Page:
A Star to Steer Her By
I was standing alone at the helm, under full sails and a glittering sky, guiding the ship unerringly across the endless black sea with only the stars to guide me, like the sailors of old. It was amazing. This was why I was here, why I’d gone ahead with this semester at sea, even after everything that had happened. Because I loved the sea, and wanted it to be a part of my life.
I returned my gaze upward, focusing on my guide star.
“‘And all I ask is a tall ship and a star to steer her by.’”
The low voice came out of nowhere. I spun to the right, where I could just make out the vague outline of someone leaning against the stanchion that held Speedy the motorboat suspended at the stern.
“Tristan?” As soon as the question left my mouth, I rolled my eyes in the darkness. Of course it was him.
“Aye, it’s me.”
“How long have you been standing there?” I hissed. “And where the hell did you come from?” I’d been at the helm for at least half an hour, and I knew he hadn’t been there the whole time.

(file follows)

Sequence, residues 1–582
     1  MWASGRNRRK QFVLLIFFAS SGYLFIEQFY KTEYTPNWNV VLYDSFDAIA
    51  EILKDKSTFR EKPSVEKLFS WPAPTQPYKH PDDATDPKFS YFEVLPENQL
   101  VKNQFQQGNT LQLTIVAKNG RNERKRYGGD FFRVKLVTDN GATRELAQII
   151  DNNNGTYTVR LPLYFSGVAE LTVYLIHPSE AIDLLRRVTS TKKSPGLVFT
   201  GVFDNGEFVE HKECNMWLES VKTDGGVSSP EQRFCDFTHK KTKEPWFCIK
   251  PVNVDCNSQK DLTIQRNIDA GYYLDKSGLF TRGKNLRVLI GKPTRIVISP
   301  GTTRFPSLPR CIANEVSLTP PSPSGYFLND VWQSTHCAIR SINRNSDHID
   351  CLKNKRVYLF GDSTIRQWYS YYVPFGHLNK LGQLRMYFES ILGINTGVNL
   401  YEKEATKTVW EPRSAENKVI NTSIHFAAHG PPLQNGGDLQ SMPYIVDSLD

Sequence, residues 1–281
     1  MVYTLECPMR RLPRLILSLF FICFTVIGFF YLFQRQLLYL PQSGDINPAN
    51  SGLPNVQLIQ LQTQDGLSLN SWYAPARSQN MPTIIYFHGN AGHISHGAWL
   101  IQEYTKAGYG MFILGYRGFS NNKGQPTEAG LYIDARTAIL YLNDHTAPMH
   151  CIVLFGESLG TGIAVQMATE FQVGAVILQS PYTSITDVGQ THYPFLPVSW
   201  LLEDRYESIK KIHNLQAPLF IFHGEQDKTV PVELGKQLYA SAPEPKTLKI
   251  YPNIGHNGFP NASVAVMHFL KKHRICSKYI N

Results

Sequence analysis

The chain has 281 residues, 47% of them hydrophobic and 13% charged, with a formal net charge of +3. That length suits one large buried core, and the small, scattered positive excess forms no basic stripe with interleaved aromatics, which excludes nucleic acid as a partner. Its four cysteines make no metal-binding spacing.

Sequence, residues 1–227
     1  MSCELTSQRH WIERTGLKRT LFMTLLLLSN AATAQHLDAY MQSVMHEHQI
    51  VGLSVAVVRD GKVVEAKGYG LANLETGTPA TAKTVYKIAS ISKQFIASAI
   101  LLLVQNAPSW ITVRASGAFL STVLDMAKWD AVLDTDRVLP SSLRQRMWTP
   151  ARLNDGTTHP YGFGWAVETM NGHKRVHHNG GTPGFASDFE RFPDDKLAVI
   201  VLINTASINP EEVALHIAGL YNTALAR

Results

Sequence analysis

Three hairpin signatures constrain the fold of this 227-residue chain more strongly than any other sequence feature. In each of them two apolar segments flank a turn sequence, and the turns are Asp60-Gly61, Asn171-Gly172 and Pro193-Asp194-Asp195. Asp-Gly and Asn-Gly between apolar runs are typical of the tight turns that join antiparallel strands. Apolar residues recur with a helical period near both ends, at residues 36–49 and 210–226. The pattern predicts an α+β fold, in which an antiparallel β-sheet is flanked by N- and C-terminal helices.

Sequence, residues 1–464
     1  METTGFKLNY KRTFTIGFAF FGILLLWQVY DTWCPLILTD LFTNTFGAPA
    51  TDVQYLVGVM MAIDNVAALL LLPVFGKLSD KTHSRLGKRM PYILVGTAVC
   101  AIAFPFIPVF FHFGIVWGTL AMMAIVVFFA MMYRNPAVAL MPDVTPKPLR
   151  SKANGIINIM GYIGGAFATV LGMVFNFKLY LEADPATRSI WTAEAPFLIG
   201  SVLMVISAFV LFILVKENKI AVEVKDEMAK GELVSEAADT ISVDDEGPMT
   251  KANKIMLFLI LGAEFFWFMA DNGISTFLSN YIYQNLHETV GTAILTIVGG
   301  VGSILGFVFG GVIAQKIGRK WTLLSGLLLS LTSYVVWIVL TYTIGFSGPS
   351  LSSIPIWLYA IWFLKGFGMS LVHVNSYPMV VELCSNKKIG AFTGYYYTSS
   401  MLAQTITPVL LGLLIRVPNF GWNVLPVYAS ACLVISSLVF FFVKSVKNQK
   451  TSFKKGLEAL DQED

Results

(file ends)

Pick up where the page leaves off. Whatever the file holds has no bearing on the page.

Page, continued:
There was a flash of white in the darkness as he grinned. “I’ve been here for about five minutes. You were so focused on staring up at the stars that you didn’t see me. I didn’t want to disturb you.”
“So instead, you just lurked in the dark until you could scare the hell out of me. Makes sense,” I muttered, trying not to be too thrilled that he’d chosen to hang out up here with me. “What was it that you said, anyway?”
“It’s from a poem. The full verse is:
His lilting accent gave the lines a musical quality, and a shiver ran down my spine. “It’s beautiful,” I said, “and perfectly describes the way I feel. You didn’t write that, did you?” Because it would be supremely unfair for him to be kind, gorgeous, athletic, musically brilliant, and a poet, too.